Updated: November 24, 2019
Occasionally, while skimming sources, you may find a quote like this, from the book The Long Pretense: Soviet Treaty Diplomacy from Lenin to Gorbachev. I don't know why you're reading it, but let's say you are.
War to the hilt between communism and capitalism is inevitable. Today we are not strong enough to attack. Our time will come in thirty or forty years. To win, we shall need the element of surprise. The bourgeoisie will have to be put to sleep. So we shall begin by launching the most spectacular peace movement on record. There shall be electrifying overtures and unheard-of concessions. The capitalist countries, stupid and decadent, will rejoice in their own destruction. As soon as their guard is down, we shall smash them with our clenched fist.
Many students these days do not know the story of the Soviet Union and the U.S. during the Cold War. But the narrative here is familiar. The Soviet Union is trying to lull us into sleep before an attack.
There was some truth to this idea. Not necessarily around attacking the West. But the Soviets did start and fund a worldwide peace movement that was intentionally designed to get the West to disarm voluntarily.
The quote in this book however, goes way beyond that, speaking to a deliberate long-term plan for attack. Is it true? Did Manuilsky -- a high-ranking Soviet official -- really say this?
Our first thought might be to search for the quote itself. And if the quote is real, this will work. But if it is fake (and spoiler alert, this one is fake) something odd can happen.
In this case, if you search on the quote itself (or a small part of it) you get a lot of results But think for a moment about the problem here.
If the quote is real, it will lead us to a good source. But if the quote is fake, it's possible that the only pages using it are written by people duped by it. So one thing we're looking at as we scan a SERP is whether any of the sources we see are recognizable to us, or whether it's an odd collection of sites.
So we add a couple terms here to check the inverse possibility. And what we're trying to see is if a source that says this quote is fake is more reliable than sources that say it is real. Here we add the terms fake and quote.
This book looks interesting. Be very careful with books -- there's a lot of junk out there. But this is worth a click, since it is a book on exactly this question of whether quotes are fake or real.
The book says the quote is fake and the context given to the quote is impossible -- the place the quote was supposedly spoken doesn't actually exist.
If we click "About this Book" we can get more information about this book.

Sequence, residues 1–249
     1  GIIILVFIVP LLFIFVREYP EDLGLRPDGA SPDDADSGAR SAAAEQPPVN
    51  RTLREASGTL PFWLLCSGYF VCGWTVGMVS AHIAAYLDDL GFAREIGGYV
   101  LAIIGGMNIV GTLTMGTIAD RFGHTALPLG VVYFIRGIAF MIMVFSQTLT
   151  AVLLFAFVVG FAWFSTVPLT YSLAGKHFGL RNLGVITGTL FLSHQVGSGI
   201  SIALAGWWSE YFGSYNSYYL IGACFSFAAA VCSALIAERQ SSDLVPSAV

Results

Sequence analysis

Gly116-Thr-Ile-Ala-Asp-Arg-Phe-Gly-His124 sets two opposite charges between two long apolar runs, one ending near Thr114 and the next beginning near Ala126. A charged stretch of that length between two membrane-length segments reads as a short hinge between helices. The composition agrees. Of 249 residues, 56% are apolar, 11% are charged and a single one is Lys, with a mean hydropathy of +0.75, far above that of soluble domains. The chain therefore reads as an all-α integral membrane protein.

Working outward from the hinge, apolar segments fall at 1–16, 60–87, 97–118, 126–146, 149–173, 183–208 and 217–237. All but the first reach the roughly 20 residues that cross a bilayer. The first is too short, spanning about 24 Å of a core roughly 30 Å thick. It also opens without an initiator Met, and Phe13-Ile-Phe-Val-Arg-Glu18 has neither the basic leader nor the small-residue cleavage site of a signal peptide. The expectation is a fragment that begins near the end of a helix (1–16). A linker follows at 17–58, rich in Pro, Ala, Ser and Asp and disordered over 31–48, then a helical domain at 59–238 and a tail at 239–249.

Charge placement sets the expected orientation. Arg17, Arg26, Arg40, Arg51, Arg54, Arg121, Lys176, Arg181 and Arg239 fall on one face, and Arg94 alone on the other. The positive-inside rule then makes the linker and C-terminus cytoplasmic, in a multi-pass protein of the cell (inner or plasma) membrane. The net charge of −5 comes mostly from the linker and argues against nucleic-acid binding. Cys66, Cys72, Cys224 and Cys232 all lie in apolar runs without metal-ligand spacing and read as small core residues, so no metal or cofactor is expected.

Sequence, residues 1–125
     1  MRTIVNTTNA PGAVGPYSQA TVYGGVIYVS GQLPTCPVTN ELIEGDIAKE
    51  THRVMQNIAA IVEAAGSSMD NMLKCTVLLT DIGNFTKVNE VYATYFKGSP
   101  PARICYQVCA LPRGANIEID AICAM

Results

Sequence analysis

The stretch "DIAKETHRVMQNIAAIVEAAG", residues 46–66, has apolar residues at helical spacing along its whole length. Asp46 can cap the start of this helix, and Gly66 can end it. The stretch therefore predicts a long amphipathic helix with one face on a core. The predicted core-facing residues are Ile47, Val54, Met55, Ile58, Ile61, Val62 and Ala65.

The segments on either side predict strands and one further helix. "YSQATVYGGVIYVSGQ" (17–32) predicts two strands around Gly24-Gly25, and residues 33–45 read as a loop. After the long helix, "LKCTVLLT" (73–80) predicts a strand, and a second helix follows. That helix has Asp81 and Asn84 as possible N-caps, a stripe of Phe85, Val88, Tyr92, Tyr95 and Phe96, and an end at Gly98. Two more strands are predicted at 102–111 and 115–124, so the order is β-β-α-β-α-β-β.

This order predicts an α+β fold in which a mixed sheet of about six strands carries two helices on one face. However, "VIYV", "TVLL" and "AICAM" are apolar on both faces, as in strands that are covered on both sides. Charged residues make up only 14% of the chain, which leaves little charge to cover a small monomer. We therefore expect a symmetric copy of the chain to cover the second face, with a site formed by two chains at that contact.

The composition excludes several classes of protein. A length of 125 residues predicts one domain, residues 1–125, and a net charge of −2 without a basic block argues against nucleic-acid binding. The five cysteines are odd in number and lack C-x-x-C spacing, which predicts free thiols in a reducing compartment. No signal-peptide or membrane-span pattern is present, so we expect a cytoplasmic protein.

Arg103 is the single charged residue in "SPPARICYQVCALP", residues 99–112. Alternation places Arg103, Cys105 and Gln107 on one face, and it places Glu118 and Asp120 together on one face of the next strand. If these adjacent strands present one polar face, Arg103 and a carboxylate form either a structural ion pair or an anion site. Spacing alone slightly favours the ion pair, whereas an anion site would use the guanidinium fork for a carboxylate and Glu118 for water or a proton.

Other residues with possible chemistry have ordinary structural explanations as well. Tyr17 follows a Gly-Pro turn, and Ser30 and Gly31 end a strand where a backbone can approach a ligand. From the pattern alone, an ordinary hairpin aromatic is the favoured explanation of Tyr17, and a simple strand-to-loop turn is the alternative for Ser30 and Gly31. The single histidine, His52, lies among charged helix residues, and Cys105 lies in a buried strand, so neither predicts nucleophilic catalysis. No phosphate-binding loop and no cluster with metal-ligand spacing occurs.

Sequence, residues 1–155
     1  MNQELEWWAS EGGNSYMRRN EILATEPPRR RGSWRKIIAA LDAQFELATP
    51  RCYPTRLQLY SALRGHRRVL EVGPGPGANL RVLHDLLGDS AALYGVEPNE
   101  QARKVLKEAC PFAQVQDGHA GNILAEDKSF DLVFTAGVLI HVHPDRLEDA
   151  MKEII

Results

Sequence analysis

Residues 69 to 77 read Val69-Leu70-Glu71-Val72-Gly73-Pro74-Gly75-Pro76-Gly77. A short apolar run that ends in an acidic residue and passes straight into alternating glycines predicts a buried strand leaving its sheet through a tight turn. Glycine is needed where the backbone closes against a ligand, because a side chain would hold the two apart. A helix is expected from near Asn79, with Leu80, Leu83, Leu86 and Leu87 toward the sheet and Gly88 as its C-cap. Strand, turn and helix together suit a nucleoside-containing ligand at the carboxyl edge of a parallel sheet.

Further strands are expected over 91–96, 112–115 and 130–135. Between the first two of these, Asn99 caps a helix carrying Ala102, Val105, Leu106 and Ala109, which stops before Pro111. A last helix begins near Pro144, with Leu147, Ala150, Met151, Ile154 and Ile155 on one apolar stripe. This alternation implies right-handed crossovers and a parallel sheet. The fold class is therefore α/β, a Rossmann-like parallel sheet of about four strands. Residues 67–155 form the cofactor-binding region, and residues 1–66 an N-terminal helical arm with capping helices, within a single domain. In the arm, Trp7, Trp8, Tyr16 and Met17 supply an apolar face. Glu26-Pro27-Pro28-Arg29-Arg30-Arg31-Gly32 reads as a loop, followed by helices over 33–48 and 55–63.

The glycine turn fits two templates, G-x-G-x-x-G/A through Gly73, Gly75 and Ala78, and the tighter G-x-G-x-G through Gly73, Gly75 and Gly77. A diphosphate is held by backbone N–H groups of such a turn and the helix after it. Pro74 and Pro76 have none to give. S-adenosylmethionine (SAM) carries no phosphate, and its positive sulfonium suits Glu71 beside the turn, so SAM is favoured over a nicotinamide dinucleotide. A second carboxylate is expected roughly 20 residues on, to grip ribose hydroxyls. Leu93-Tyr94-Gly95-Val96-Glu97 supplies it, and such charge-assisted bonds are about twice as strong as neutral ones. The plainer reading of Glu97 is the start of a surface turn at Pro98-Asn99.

In this case the book is from Oxford University Press -- a highly reputable publisher. The book is a bit old, but for this purpose that's probably OK.
One thing to note here -- when we looked on the web there were dozens of sites that said this quote was real and one that said it wasn't. But that doesn't matter, because the one source that says it didn't happen is of high quality and the other sources are of low quality.
This can be hard for students (and
teachers!) to understand sometimes. I've even heard teachers
say things along the line of "If you see it in three places
It's true that more sources are better (we love consensus!) But you seeing it in one highly reliable source is worth more than seeing it in hundreds of fringe sites. And for such an important quote (essentially a declaration of a secret war) we should expect high quality sources.
If this one felt a bit hard, it was. The Manuilsky Hoax was widely disemminated throughout conspiracy-believing elements of the hard right in the U.S. during the Cold War. Like a lot of conspiracy theory, it had a grain of truth to it -- the support of the U.S.S.R. for peace movements, for example, was largely strategic -- something easily demonstrated by the fact that they spent money supporting peace movements only in countries with which they had an enemity, and launched their anti-nuclear campaigns while aggressively pursuing nuclear weapons.
The hoax even decieved no less a public figure than Eleanor Roosevelt, wife of FDR, who learned it from reading an opinion column from a professor from Ricks College in Idaho.
This is important for a number of reasons, but one of the biggest reasons is by creating this quote a very hard-right faction was able to portray all peace activists as hopelessly naive and decieved fools. In turn, this reduce the possibility of peace activists and others of finding middle ground. Who wants to compromise with a set of fools?
Abraham Brumberg, a Soviet specialist, called this sort of practice "quotation-mongering", a practice that took a position and then sought to find or create quotes to support it. Often quote-mongers will assign quotes to more prestigious speakers, or engage in what Milton Mayer called contextomy, the deceptive stripping of context from quotes.
Once a deceptive or fake quote gets a foothold, it's hard to root it out. With each use, a deeper texture of search results and sources build up. If you go to find a source for a quote and find a lot of odd sites, but nothing that's definitive, take a minute and check it out.
It's worth noting that quote site azquotes has the fake quote on it's site. Quote sites are notoriously unreliable.
While Manuilsky was no saint, the use of his name in the hoax is probably not accidental, as its Jewishness served the needs of right-wing antisemitic groups of the time. Unable to leave it to subtext, this 1950s white nationalist book points it out specifically.
Antisemitism is still often a feature of conspiracy theories,
although various dogwhistle terms are used.